The U.S. Supreme Court ruled on Monday on the case of Zivotofsky v. Clinton, a suit in which Naomi and Ari Zivotofsky are challenging the way the State Department may list the birthplace of their son, nine-year-old Menachem.
The State Department, based on a long-standing U.S. policy, decided that little Menachem Zivotofsky’s birth certificate, as well as his US passport, will show Jerusalem as his birth place, without a mention of the country in which Jerusalem belongs.
The parents filed a lawsuit in federal court in Washington, D.C. in 2003 objecting to the policy, based on a 2002 US law enacted shortly before Menachem was born. The new law includes a provision allowing Israel to be listed as the place of birth on the passport of any American born in Jerusalem.
A Federal judge, followed by an appeals court, dismissed the suit, saying that judges do not have the authority to order the federal government to change foreign policy, even if current policy is ignoring the will of the legislator.
On Monday, the Supreme Court ruled that the lower courts were wrong, and that they should merely have decided whether or not Menachem Zivotofsky could have the right “to have Israel recorded on his passport as his place of birth.”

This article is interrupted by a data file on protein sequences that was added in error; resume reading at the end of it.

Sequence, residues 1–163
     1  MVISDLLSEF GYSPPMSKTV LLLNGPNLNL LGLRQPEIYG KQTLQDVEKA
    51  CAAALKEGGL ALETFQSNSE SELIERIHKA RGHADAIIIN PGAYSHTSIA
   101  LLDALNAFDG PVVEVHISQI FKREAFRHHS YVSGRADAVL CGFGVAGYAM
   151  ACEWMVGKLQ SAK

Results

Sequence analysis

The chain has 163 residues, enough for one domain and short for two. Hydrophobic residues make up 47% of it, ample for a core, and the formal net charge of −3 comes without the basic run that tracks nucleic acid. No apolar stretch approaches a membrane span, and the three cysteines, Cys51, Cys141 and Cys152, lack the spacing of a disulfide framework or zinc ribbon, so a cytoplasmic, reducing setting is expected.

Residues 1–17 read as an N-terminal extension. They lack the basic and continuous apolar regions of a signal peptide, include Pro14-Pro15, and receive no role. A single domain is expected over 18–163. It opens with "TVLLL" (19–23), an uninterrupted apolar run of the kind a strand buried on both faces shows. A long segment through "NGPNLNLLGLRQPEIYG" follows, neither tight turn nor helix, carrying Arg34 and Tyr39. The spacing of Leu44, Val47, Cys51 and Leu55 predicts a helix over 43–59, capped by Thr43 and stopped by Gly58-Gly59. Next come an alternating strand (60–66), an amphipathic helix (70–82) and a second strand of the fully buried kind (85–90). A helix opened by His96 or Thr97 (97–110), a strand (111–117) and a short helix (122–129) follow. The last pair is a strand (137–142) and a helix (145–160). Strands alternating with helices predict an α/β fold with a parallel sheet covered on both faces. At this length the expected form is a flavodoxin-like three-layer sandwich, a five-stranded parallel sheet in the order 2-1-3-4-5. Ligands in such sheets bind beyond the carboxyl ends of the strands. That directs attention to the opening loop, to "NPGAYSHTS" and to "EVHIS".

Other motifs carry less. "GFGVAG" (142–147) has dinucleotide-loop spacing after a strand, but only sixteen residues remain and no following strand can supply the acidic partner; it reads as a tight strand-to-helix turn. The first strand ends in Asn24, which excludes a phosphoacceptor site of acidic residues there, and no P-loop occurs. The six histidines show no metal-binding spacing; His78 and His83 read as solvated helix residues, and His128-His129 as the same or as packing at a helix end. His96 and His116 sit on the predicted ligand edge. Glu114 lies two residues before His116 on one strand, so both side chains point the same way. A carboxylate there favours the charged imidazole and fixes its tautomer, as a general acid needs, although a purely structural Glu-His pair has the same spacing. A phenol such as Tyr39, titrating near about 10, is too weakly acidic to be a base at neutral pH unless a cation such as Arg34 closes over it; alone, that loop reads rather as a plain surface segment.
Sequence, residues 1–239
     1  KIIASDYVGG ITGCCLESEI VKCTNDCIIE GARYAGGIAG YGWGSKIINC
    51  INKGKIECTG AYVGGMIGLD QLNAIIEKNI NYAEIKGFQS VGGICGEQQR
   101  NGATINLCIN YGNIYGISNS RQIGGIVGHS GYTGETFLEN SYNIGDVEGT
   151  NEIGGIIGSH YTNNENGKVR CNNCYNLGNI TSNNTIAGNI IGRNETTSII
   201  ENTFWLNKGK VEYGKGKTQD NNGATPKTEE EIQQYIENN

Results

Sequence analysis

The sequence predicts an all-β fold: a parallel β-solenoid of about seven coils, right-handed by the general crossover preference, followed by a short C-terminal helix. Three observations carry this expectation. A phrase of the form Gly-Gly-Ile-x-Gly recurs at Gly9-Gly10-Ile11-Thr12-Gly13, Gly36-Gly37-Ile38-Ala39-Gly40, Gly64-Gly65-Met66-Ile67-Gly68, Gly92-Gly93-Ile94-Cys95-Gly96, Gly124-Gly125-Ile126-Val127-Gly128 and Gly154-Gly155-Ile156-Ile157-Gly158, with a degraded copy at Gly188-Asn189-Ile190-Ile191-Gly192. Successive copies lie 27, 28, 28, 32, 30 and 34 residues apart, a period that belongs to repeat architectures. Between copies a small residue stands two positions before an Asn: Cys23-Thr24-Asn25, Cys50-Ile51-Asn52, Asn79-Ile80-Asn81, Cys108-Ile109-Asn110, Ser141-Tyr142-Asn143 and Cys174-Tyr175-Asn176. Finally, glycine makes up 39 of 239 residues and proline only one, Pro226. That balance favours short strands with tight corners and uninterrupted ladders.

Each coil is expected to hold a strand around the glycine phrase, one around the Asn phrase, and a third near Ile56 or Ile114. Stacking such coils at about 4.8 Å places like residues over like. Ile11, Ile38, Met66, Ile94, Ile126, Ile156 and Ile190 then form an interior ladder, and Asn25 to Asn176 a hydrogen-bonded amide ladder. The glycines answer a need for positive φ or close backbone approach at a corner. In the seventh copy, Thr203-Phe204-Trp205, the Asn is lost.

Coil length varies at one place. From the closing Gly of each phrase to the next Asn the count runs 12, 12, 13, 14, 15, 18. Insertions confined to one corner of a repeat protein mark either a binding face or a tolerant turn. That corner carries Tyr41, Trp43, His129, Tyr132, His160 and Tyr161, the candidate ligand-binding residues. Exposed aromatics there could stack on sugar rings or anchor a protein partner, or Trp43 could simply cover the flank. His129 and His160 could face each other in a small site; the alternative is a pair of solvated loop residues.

As Chief Justice John Roberts put it in his opinion: “Zivotofsky does not ask the courts to determine whether Jerusalem is the capital of Israel.”
Justice Stephen Breyer dissented.
Washington D.C. attorney Nathan Lewin, who has represented countless high-visibility cases related to US Jews (such as the Lubavitch movement’s famous books trial), was the Zivotofsky family’s attorney before the Supreme Court. He argued Congress indeed had the power to control a passport’s contents.
The ruling could change the status of an estimated 50,000 American citizens who have been born in Jerusalem, and who may now be able to list Israel as their birthplace.